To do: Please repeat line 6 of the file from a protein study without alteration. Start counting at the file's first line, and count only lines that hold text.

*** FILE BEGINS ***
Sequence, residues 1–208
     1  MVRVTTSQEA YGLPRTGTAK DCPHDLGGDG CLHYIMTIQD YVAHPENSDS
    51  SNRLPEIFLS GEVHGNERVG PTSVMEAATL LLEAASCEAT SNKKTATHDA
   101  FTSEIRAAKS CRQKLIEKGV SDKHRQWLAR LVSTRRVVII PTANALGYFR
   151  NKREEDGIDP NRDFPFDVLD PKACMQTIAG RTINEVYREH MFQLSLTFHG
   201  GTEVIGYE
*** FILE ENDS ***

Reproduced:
   201  GTEVIGYE